And while there was, thankfully, no loss of life or serious personal injury as a result of the rough start to spring, the trail of crushed cars, shingle-less roofs, and damaged or condemned homes still hurt those that survived the initial touchdown path of the 1/2 mile long trail that the tornado blazed.



Caution indeed….

April Roars In For The City Of Lions

Comp of hail storm and tornado damage.

(l) A University City neighborhood during a hail storm at about 1:30pm on April 2, 2014, and (r) the aftermath of a probable tornado that passed through U. City in a different section of town at 5:20am on April 3rd.

The weather in March of 2014 in St. Louis/U. City may have come in like a lion and gone out like a lamb, but April has shown that it refuses to be upstaged in the drama department by its predecessor on the calendar.

On Tuesday afternoon, April 2, 2014 at about 1:30 a fairly strong, but typical, thunderstorm was passing over University City.  There didn’t seem to be any excessive wind.  But the large falling rain drops slowly converted into larger, grape-sized hail stones that came pelting down on the middle third of the city and left a layer what looked like snow blobs on every flat surface.  (Click here to see the hail storm in action.)

This hailstorm was part of a series of other storms that hit in the region. The video I posted was interesting enough that both ABC’s and NBC’s evening news programs wanted to use the video for their broadcasts.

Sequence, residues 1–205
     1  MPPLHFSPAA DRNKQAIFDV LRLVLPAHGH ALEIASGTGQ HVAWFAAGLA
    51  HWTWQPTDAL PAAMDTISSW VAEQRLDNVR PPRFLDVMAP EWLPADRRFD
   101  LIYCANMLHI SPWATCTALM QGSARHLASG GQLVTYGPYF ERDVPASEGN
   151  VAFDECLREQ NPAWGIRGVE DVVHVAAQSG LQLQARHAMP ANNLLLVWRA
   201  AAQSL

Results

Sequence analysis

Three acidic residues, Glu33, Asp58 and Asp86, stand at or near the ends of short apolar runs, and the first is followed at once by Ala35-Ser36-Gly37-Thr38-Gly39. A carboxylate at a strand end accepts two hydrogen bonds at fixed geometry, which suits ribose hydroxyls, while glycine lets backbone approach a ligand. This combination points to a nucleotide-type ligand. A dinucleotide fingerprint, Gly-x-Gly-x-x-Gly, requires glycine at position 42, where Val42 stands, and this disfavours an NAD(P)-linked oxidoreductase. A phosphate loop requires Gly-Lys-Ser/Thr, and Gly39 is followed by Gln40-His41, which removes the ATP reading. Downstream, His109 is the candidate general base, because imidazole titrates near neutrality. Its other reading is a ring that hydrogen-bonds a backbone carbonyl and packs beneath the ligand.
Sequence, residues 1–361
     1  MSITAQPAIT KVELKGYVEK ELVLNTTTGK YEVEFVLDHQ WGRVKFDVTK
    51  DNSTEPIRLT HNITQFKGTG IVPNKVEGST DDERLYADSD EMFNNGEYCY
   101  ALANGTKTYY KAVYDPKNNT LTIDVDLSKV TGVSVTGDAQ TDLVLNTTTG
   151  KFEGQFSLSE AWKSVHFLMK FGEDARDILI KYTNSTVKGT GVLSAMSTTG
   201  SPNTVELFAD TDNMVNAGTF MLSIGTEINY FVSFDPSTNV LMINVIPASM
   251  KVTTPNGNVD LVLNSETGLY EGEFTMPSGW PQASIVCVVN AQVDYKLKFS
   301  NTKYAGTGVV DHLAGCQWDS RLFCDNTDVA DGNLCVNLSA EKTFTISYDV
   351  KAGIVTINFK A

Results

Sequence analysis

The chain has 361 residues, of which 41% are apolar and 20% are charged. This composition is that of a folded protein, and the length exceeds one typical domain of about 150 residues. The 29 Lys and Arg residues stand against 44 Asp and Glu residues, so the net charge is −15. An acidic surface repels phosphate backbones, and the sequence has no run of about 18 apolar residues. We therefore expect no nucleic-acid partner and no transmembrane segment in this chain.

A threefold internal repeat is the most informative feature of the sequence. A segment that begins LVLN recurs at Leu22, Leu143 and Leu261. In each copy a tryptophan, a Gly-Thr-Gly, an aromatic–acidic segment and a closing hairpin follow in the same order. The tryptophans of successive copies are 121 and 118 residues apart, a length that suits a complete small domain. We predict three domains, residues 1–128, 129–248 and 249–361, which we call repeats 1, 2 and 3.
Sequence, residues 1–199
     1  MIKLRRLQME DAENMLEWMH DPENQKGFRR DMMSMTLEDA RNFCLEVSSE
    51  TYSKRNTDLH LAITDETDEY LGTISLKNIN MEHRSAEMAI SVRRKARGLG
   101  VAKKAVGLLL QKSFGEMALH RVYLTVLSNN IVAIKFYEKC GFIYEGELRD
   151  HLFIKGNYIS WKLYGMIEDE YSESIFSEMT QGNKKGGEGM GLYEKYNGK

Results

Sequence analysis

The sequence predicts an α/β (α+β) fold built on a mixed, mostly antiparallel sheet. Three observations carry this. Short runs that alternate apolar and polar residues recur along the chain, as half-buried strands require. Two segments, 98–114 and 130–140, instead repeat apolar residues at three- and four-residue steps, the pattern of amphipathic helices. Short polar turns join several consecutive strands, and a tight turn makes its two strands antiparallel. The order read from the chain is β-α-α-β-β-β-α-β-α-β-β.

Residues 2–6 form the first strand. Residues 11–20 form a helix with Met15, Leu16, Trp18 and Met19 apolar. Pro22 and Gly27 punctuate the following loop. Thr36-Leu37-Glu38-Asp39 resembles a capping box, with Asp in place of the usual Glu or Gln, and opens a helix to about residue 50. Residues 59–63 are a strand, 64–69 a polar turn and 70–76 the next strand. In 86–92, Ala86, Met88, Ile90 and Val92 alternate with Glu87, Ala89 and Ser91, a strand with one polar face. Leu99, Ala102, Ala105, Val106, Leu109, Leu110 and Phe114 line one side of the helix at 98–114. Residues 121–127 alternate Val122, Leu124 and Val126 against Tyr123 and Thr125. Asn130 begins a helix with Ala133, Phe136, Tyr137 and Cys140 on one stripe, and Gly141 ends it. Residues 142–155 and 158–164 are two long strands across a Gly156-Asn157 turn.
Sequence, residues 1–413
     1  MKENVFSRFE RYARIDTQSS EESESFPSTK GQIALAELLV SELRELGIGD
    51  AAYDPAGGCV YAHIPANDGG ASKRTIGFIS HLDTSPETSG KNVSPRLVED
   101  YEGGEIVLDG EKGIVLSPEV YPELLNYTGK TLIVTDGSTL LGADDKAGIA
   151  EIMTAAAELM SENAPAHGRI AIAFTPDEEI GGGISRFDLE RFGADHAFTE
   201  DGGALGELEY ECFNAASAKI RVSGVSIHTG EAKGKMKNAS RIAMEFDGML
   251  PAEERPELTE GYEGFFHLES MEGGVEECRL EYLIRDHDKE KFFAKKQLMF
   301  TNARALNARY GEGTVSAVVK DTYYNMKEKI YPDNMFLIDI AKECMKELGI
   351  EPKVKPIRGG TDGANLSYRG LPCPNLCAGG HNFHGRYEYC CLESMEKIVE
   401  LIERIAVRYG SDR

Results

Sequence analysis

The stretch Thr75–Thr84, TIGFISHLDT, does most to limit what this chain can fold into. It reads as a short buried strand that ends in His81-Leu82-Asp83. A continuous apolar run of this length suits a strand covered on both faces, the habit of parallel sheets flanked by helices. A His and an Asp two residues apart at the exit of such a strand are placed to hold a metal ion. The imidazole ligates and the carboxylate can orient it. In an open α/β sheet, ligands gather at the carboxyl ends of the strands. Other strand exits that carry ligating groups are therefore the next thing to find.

ABC Evening News Featured Video

The ABC Evening News With Diane Sawyer used the linked video to talk about this and the other storms that passed through the Midwest on the anniversary of the largest recorded outbreak of tornadoes ever recorded.

Then, as if the dinged cars, bruised tree buds, and gumball (sweetgum) cull wasn’t messy enough as a result of that storm, only 16 hours later at about 5:30am on Thursday, April 3rd while I was working a graveyard shift in Earth City, my father reported hearing the tell-tale “freight train” sound during another round of thunderstorms passing through U. City.  Sure enough, given the path of downed trees, shingle deprived roofs, and toppled power lines, it appears as though a low-grade tornado made its way through town.

Possible Tornado Path

This is the path of the twister that I estimate based on the number of downed trees and level of detritus I observed as dawn broke.